A Republican-sponsored bill that concerns Project Labor Agreements passed the House 57-41 along party lines. PLAs are a collective bargaining agreement used by a project owner that sets terms under which a contractor who successfully bids on a project proceeds in labor relations and work on that particular project. Both public and private entities presently have the option of utilizing PLAs to manage wages, benefits and working conditions. Sometimes these agreements contain provisions for the use of local labor and preventing work stoppages. They do not require that workers be from a union.
SF 438 prohibits government entities from mandating that bidders for public contracts complete contractor qualification questionnaires. The questions concern the contractor’s five year history, liens and judgments, whether their registration has been suspended or revoked, or whether they’ve been cited by a government regulatory agency. Supporters of SF 438 insist that this type of information should be kept confidential, and this bill protects contractors from having to release proprietary information. Opponents of the bill say that PLAs help control costs and locks in labor conditions on projects that are highly complex and may last several years. The prohibition is another example of limiting local control.
Appropriations - Transportation One of the first appropriations bills has emerged; it concerns funding for the Department of Transportation. This bill proposes spending $384.1 million (mostly federal monies) to fund 2,748 full-time employees for fiscal year 2018. This figure represents an increase of $13.3 million from fiscal year 2017. Most of the budget remains the same in terms of the type of projects being funded. One change is an appropriation of $10.8 million for the relocation and replacement for the Dubuque maintenance garage.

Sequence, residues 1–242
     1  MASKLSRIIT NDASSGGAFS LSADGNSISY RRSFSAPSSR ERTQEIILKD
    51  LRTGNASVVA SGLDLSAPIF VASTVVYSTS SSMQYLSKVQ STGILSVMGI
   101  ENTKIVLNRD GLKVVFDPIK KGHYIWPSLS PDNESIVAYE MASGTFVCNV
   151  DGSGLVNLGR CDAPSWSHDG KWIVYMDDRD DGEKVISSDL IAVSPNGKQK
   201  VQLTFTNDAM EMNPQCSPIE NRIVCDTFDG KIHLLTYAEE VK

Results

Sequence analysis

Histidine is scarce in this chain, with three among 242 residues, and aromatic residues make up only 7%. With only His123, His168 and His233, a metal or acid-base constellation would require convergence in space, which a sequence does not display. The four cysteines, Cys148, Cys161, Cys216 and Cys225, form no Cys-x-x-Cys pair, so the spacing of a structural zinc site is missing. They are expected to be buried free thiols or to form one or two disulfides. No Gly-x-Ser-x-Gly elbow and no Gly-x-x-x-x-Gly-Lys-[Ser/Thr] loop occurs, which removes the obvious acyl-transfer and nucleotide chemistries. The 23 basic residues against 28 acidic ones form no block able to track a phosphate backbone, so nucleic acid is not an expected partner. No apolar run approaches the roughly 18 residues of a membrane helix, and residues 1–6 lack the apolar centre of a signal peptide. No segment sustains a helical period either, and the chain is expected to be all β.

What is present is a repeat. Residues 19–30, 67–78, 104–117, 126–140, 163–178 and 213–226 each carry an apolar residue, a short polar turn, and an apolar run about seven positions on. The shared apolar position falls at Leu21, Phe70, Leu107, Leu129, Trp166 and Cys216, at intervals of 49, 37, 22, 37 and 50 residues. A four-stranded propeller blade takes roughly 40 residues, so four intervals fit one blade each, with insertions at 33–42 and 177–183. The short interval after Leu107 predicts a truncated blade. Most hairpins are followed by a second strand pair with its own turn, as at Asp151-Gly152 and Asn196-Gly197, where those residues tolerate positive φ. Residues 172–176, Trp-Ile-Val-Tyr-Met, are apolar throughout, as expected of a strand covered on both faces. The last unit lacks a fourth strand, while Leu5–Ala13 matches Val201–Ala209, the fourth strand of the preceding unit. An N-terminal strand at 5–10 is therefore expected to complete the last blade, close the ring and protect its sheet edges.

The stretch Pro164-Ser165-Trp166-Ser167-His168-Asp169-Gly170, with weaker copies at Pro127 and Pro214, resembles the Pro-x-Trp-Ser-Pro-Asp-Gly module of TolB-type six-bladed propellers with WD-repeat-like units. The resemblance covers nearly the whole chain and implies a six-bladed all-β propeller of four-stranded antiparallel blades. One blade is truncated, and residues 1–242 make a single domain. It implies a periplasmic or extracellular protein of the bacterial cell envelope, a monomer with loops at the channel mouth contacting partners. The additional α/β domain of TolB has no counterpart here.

20 Week Abortion Ban Senate File 471, which would ban abortions once a pregnancy reaches 20 weeks and establish a three-day waiting period for women seeking any abortion, passed the House this week. It had come over from the Senate with an amendment that would allow for abortion after 20 weeks in the event of fetal anomalies, but that provision was stricken from the bill that went before the House out of the Human Resources committee. All 41 Democrats voted against the bill. Democrats argued the bill does not account for the wide range of circumstances that can lead women to seek abortions. For instance, the bill makes no exception for pregnancies resulting from rape or incest. We must value all life, which includes the mothers carrying a non-viable fetus, young children impregnated by rape or incest, as well as the unborn. This is an emotional issue with passionate individuals on all sides. My heart goes out to all mothers and families that face these heart wrenching decisions. The bill includes changes that must be approved by the Senate before it could be sent to the governor’s desk.
Contact Rep. Wes Breckenridgeat 641-521-6714 email@example.com